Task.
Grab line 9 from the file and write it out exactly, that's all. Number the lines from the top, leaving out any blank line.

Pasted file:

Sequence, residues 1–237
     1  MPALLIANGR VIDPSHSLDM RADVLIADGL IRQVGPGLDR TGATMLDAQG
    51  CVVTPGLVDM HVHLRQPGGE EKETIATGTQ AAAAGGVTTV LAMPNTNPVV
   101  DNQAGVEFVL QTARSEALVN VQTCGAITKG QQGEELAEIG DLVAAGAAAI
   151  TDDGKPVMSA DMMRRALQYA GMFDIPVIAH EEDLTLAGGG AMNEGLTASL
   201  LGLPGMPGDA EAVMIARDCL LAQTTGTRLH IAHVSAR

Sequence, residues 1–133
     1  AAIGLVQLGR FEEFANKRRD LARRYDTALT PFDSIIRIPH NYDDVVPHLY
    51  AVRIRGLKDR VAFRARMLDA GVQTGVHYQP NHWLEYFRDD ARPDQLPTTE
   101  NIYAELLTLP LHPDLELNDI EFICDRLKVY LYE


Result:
    51  AVRIRGLKDR VAFRARMLDA GVQTGVHYQP NHWLEYFRDD ARPDQLPTTE